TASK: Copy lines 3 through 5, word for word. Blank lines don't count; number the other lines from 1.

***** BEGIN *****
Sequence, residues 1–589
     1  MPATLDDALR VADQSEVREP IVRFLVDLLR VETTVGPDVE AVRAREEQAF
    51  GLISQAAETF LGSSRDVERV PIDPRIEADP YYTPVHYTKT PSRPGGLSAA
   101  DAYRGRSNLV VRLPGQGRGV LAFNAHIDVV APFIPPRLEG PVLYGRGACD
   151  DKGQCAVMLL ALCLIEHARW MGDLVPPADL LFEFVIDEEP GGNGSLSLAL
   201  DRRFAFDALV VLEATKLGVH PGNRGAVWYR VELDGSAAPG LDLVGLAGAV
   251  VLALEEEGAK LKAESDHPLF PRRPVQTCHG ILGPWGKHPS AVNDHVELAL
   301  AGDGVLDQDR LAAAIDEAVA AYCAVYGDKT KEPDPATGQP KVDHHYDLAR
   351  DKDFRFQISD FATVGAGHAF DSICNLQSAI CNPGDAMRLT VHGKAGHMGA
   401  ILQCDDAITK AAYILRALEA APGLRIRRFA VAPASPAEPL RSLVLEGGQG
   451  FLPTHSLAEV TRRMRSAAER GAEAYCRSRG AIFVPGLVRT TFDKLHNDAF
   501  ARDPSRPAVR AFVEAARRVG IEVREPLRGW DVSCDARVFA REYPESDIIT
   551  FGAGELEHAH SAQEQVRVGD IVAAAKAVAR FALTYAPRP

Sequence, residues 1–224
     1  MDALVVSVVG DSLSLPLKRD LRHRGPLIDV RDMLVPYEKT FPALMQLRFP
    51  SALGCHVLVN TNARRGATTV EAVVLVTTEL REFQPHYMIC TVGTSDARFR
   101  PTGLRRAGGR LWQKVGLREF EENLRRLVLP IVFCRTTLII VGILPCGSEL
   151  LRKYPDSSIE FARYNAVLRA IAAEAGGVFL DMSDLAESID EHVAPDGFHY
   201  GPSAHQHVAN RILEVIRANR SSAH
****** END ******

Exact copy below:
    51  GLISQAAETF LGSSRDVERV PIDPRIEADP YYTPVHYTKT PSRPGGLSAA
   101  DAYRGRSNLV VRLPGQGRGV LAFNAHIDVV APFIPPRLEG PVLYGRGACD
   151  DKGQCAVMLL ALCLIEHARW MGDLVPPADL LFEFVIDEEP GGNGSLSLAL